Spectrum, the Auburn Gay-Straight Alliance, has started a petition to add gender expression to the list of protected classes under Auburn University’s official policies.
Currently, the University’s official policy regarding prohibited harassment of students explicitly grants protection from discrimination on the basis of age, sex, religion, race, color, national origin, sexual orientation or disability.
According to Joni Swope, Spectrum’s director of social affairs, gender expression is a category separate from sexual orientation.
Swope said gender expression encompasses transsexual or transgender people, who are currently not explicitly protected under University policy.
“Teachers can fail them just because they don’t agree, and they can’t do anything about it,” Swope said. “You can’t do that anymore for kids who are just gay.”
Swope said she thinks individuals with gender expression issues face a great deal of harassment.
“It’s fundamentally contrary to, or seems fundamentally contrary to, traditional lifestyles,” Swope said. “A person who is born a woman, but feels strongly as if they are a man, goes contrary to most people’s ways of thinking. I can’t tell you why I know I’m a girl, but I’ve always known I was a girl. But for people who grow up with my same genetic set and they know, from wherever, that they’re a man—I can’t empathize with that, and empathy is something that’s lost on our generation.”
Swope said the petition has been in existence for approximately a year and a half.
“We have a petition available at all meetings and at all events,” she said. “We’re not standing out on the Concourse with just the petition. It’s always accompanying another event.”
Swope said the group has been unable to get a straight answer from any University office about how many signatures are necessary before a petition will be reviewed by the Board of Trustees.
According to Josh Adams, University policy coordinator, there is no formal protocol for the submission of petitions by a student organization.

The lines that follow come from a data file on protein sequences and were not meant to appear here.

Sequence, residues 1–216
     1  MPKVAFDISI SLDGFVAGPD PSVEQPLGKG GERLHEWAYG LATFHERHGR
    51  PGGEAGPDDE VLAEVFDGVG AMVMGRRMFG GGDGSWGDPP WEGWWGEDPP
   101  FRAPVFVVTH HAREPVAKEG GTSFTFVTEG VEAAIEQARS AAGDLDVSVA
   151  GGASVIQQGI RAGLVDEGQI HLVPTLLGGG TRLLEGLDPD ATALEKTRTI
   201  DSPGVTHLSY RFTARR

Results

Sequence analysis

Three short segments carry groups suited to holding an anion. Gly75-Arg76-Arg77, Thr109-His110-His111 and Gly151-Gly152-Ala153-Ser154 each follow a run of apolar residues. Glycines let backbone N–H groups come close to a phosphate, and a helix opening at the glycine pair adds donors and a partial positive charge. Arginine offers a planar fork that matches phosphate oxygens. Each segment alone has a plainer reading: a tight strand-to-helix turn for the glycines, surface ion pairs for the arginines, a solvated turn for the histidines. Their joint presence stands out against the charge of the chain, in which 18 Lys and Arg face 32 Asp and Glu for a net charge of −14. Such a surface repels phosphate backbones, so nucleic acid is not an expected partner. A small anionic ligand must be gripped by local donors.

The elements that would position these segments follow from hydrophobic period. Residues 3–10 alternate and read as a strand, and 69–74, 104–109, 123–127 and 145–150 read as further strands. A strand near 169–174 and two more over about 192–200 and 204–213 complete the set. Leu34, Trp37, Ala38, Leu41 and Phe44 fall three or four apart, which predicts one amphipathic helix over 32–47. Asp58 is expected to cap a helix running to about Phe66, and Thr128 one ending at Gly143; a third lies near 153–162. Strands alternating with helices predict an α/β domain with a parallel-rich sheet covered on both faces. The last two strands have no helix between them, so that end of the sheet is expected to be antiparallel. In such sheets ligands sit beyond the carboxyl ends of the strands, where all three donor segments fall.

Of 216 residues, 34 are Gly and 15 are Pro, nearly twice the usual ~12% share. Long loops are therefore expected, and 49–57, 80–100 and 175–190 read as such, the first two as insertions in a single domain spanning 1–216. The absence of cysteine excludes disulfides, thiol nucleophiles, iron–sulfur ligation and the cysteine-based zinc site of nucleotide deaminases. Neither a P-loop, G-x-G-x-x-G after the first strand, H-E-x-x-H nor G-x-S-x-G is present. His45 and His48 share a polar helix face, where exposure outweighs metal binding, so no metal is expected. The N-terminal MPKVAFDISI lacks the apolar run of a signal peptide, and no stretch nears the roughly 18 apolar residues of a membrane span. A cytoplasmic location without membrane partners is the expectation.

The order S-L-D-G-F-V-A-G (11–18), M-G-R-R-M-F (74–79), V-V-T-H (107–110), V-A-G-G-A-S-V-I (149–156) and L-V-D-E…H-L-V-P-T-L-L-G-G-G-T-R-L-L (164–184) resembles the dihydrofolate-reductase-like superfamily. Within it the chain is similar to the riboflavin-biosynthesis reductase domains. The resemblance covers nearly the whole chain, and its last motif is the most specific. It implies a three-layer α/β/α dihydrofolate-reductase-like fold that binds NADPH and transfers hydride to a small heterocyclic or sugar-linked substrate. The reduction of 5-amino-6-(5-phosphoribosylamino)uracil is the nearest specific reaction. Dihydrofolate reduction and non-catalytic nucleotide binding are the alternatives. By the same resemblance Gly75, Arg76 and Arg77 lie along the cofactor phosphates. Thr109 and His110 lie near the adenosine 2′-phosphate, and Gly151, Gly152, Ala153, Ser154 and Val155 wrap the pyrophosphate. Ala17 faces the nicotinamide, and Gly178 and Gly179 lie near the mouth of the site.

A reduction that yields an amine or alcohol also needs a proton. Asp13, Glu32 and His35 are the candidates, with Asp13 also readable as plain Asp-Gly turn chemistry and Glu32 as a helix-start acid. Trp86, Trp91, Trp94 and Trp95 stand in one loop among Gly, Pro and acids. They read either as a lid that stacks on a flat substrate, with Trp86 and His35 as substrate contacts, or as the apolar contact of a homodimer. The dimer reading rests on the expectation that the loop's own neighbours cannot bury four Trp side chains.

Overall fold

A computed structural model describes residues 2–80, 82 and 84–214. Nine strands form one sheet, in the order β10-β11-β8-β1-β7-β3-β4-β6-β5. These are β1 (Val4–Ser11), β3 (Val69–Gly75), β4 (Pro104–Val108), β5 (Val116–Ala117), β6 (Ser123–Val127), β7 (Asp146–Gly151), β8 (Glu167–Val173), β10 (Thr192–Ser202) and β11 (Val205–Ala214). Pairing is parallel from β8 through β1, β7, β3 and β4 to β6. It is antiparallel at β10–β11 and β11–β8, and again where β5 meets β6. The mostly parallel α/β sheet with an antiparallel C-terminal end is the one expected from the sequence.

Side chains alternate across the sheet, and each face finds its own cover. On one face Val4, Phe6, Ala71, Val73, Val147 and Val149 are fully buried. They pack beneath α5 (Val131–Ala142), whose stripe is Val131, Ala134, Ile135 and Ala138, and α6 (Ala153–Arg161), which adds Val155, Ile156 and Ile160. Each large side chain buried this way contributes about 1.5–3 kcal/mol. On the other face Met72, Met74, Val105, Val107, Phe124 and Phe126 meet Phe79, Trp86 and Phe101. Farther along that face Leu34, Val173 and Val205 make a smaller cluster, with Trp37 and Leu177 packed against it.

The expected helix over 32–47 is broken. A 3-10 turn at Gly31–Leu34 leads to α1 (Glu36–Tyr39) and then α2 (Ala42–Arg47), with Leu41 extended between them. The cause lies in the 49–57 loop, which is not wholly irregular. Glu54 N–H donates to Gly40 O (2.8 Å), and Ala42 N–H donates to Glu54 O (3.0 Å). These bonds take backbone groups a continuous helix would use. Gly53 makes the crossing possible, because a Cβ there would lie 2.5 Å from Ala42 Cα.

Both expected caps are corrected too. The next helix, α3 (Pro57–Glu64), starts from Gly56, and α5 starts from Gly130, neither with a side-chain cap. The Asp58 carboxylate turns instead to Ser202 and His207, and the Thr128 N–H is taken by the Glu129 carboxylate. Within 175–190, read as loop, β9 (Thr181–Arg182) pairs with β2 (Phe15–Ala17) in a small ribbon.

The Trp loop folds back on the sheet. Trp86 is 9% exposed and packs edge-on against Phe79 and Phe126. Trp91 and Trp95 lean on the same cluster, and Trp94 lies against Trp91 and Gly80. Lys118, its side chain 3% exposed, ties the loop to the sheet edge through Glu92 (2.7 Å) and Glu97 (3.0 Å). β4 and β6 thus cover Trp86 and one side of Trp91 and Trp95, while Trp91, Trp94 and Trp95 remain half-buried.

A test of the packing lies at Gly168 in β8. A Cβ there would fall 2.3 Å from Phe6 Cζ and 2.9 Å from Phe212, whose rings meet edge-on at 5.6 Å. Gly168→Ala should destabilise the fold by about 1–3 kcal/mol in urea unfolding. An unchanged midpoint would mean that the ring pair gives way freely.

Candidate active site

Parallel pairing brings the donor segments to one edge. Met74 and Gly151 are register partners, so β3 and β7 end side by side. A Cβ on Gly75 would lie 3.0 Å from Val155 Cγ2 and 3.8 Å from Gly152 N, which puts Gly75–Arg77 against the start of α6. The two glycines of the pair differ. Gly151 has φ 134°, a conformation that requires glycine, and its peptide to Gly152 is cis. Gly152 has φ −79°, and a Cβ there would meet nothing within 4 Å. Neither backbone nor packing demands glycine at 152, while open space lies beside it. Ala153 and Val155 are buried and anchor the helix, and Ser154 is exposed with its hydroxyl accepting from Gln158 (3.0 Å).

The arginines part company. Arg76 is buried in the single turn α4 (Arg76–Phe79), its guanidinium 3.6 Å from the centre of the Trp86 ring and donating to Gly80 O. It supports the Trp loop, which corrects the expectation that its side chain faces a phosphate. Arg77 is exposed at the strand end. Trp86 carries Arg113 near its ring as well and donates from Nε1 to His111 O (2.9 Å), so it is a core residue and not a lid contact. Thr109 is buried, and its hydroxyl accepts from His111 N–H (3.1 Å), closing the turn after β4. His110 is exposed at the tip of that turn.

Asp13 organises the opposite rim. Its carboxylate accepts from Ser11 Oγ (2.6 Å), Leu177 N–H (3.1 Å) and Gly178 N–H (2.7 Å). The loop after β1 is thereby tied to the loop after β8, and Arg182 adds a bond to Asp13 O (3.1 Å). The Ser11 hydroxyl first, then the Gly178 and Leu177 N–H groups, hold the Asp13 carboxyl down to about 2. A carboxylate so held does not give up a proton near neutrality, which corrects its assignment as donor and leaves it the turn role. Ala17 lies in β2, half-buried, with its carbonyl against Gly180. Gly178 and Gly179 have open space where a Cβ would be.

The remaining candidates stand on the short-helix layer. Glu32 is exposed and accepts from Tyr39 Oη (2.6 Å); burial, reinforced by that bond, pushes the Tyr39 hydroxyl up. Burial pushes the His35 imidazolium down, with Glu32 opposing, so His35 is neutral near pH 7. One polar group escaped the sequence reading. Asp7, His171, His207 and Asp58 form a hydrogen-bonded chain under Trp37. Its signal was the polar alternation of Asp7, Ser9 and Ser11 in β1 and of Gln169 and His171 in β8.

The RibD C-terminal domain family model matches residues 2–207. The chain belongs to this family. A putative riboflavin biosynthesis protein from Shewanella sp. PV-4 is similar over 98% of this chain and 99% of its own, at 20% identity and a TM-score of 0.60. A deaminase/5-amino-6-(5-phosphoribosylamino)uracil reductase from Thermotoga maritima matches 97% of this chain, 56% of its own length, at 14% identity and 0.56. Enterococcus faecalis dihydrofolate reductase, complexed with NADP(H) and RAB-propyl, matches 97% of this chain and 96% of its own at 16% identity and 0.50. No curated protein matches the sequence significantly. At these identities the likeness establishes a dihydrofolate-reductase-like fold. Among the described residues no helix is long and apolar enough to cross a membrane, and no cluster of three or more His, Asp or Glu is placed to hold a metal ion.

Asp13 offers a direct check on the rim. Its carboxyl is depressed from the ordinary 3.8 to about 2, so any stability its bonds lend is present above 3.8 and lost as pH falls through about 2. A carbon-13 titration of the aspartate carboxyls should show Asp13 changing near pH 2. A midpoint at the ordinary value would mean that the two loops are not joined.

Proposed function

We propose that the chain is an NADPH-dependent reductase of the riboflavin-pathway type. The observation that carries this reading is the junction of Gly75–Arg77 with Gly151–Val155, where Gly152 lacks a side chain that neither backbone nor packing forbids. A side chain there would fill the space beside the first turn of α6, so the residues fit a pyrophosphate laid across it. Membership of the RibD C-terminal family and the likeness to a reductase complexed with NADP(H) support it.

“Well, really they all are sort of case by case in terms of who is involved in revising a policy,” Adams said. “But University policies at the highest level are controlled by the board, so student input is certainly input, but changes are officially made and ratified by the board.”
Adams said a student organization wishing to petition for change should just collect as many signatures as possible. The organization could then go to the Office of Student Affairs and ask to be placed on the agenda for the next board meeting.
“Other University policies break down into different administrative positions of the University, and really those policies that students would be able to influence the most would be polices that fall under the director of student affairs, Ainsley Carry,” Adams said.
Spectrum’s desire to change Auburn policy accompanies a statewide policy evaluation.
According to Ralph Young, Equality Alabama vice chair, state Rep. Patricia Todd is considering proposing an amendment to Alabama’s Student Harassment Act that would explicitly include sexual orientation and gender identity and expression as protected classes.
“A few years ago, what’s called the Student Harassment Act was passed, and it mandated that every school system … adopt a bullying policy, but did not provide any context or requirements,” Young said. “The state Board of Education then wrote a model policy to give guidance to each of those school districts, and that model policy did not include sexual orientation, gender identity or expression.”
Young said the amendment will be introduced to the legislature in February.
Although Spectrum is seeking to introduce change at the University level, Swope said she thought younger children are among the most important groups to protect.
“I think the biggest problem is with school-age children anyway, because with the age of technology and growing up with anonymity, there’s strength in anonymity,” Swope said. “You can say whatever you want, and it’s OK for you to say it because there’s no ramifications. So I think if there’s going to be this much more power for kids who don’t know how to use it, there has to be accountability for that power and for those choices.”
Swope said she thought the attitude toward Spectrum and the LGBT community was becoming more favorable in Auburn.
“Less people ignore us on campus,” Swope said. “Like when we do stuff on the Concourse we actually have more people that are willing to stop and talk to us instead of just either ignoring us or just giving us funny looks.”
Spectrum meets Wednesdays at 7 p.m. in Student Center 2222.